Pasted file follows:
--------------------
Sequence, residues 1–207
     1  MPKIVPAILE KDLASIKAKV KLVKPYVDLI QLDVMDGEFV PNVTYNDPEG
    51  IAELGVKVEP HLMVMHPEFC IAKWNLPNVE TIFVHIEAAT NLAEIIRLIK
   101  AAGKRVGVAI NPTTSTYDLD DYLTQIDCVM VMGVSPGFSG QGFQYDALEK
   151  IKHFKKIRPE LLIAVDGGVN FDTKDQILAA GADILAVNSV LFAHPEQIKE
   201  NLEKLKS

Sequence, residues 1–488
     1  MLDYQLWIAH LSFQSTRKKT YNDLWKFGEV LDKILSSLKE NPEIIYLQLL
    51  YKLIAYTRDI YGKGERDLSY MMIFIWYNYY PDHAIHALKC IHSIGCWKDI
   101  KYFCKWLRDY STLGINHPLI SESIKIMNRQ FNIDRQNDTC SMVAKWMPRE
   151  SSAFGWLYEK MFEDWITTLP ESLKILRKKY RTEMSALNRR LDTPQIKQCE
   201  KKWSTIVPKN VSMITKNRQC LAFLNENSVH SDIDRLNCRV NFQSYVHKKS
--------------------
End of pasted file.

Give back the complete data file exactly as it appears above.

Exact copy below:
Sequence, residues 1–207
     1  MPKIVPAILE KDLASIKAKV KLVKPYVDLI QLDVMDGEFV PNVTYNDPEG
    51  IAELGVKVEP HLMVMHPEFC IAKWNLPNVE TIFVHIEAAT NLAEIIRLIK
   101  AAGKRVGVAI NPTTSTYDLD DYLTQIDCVM VMGVSPGFSG QGFQYDALEK
   151  IKHFKKIRPE LLIAVDGGVN FDTKDQILAA GADILAVNSV LFAHPEQIKE
   201  NLEKLKS

Sequence, residues 1–488
     1  MLDYQLWIAH LSFQSTRKKT YNDLWKFGEV LDKILSSLKE NPEIIYLQLL
    51  YKLIAYTRDI YGKGERDLSY MMIFIWYNYY PDHAIHALKC IHSIGCWKDI
   101  KYFCKWLRDY STLGINHPLI SESIKIMNRQ FNIDRQNDTC SMVAKWMPRE
   151  SSAFGWLYEK MFEDWITTLP ESLKILRKKY RTEMSALNRR LDTPQIKQCE
   201  KKWSTIVPKN VSMITKNRQC LAFLNENSVH SDIDRLNCRV NFQSYVHKKS